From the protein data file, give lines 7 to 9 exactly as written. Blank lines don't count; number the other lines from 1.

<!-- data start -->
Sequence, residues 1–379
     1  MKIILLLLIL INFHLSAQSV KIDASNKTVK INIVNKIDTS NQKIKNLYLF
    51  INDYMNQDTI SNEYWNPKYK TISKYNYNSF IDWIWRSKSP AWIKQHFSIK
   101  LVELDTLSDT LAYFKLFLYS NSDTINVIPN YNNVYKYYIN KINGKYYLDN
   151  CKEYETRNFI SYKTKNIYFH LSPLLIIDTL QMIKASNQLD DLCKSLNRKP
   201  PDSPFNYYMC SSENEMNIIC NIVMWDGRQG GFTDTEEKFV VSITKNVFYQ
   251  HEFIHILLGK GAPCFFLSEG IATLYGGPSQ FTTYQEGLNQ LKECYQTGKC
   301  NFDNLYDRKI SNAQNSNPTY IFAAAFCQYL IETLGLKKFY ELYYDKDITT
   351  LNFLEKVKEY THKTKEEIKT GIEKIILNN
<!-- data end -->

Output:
   251  HEFIHILLGK GAPCFFLSEG IATLYGGPSQ FTTYQEGLNQ LKECYQTGKC
   301  NFDNLYDRKI SNAQNSNPTY IFAAAFCQYL IETLGLKKFY ELYYDKDITT
   351  LNFLEKVKEY THKTKEEIKT GIEKIILNN